History meets modernity at the Brandenburg Gate in Berlin, Germany. Photo by Sebastian Niedlich/Flickr, cc by-nc-sa 2.0
Several recent incidents in Berlin have escalated tensions between Muslims, Jews, and the city's secular majority. Over a month ago, a rabbi wearing a kippa, or yarmulke, was beaten by four "Arab-looking" youths after being asked if he and his daughter were Jewish. Public outcry led to a large demonstration in support of Berlin's Jews, including a flash mob of Jews and non-Jews wearing kippot.
Tensions escalated days later when a second incident, in which Jewish school girls were harassed by a group of youths that included a girl wearing a head scarf, led to an exchange of harsh words between Jewish and Muslim leaders, though in neither case were the attackers caught or identified definitively. After being advised to urge greater religious tolerance, Muslim leaders denied responsibility for the attacks and pointed out their own experiences of intolerance in the city.
Then on Yom Kippur, two more anti-Semitic incidents took place — the first when a young white man threatened a local Jewish leader and told him to go back where he came from, and the second when a mother and her daughter were forced out of a taxi after telling the "German" driver they were going to synagogue. Diedre Berger of the Berlin office of the American Jewish Committee has now intervened, asking the German government to develop an action plan to combat anti-Semitism.
Meanwhile, a contrasting alliance between Jews and Muslims has formed in the aftermath of a regional court ruling against circumcision. Government and religious leaders, including Chancellor Angela Merkel, have denounced it and announced plans to create government regulations allowing circumcisions to be performed. And in Berlin, a demonstration against the case featured Jewish and Muslim leaders "united for circumcision," according to a headline in the Tageszeitung. Religious leaders at the demonstration welcomed the chance to work together — despite current tensions — against what they consider to be the greater adversary of secular intolerance toward religion.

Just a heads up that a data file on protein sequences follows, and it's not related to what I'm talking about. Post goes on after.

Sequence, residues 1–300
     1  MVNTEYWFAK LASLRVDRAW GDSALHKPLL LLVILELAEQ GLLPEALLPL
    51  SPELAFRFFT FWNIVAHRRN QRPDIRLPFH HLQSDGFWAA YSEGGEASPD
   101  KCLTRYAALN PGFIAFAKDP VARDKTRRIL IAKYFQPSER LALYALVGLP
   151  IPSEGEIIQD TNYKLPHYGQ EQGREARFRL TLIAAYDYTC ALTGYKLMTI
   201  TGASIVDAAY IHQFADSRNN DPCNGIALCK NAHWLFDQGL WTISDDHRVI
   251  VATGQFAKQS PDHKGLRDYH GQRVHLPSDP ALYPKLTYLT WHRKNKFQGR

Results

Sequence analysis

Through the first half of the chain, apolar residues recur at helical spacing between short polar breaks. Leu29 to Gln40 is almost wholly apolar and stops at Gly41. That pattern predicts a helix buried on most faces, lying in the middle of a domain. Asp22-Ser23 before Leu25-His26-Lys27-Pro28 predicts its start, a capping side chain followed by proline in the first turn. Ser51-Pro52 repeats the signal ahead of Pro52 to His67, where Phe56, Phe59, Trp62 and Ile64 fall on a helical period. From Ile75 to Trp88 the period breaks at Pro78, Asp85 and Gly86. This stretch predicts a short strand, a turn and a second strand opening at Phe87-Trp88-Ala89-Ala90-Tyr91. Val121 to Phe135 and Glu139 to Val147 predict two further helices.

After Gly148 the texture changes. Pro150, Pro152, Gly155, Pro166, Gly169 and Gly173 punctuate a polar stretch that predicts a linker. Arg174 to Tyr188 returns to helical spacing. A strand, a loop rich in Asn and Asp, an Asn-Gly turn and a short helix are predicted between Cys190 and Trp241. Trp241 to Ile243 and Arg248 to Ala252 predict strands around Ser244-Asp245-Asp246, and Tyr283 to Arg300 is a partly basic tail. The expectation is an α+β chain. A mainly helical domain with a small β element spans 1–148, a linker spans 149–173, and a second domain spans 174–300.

It was against this background that public attention shifted to the global conflict over the anti-Islamic film, The Innocence of Muslims. In Berlin, right-wing nationalists announced plans to bring American pastor Terry Jones to Berlin for a showing of the anti-Muslim film, but the government blocked his visit, and the event did not take place.
Observant Jews and Muslims constitute small minorities in Berlin, though people of Turkish descent number around a quarter of a million. The Jewish community of Berlin has about 11,000 active members, a fraction of the city's total Jewish population. Self-identified Christians are more numerous, but even they are greatly outnumbered by non-practicing and unaffiliated Berliners. In a city famous for decadent nightclubs and countercultural artists, religion has become a kind of curiosity.
The recent "Long Night of Religions" featured open houses at sixty-five different religious organizations, ranging from Buddhist and Muslim to Quaker and Sikh. A smaller event featuring Christians in particular, the Berlin Festival of Churches (with an appearance by pop-star-turned-Christian Nina Hagen) followed two weeks later.
All of these stories have received significant attention in local and national media.
But "religious" issues can only be understood in the larger context of "secularized" Berlin. What other factors divide and unite Berliners? How do conflicts and alliances between religious minorities reflect dynamics within the majority? Political, economic, social, generational, and aesthetic divisions are obvious, but economic and cultural indicators suggest that the greater sources of division remain the Cold War and the two World Wars in which Berlin was a geographic and political center.
Berliner Walter Benjamin (1892-1940) identified the culture of distraction as a key political feature of modern life. Debates over how to memorialize the past, renovate neighborhoods and public places, and manage economic changes preoccupy Germans ambivalent about the image and swelling budget of their capital city. It is no wonder that a city so burdened with history succeeds so well at providing diversions, from new beach volleyball venues to all-night techno parties. But without a broad discussion of German and Berliner identity, the status of minorities here remains uncertain, leading Jewish leader Charlotte Knoblauch to ask, "Do you still want us Jews?"
For residents still grappling with a catastrophic modern history, the concerns of Jewish and Muslim minorities could either serve as an interesting distraction or a chance to examine the markers and dynamics of "secular" identity in Berlin.
Brian Britt is a professor in the Department of Religion and Culture at Virginia Tech. His most recent book is Biblical Curses and the Displacement of Tradition. He is currently a guest fellow at the Zentrum für Literatur- und Kulturforschung in Berlin working on a book about Walter Benjamin and religion.
This essay is reprinted with permission of Sightings from the Martin Marty Center at the University of Chicago Divinity School.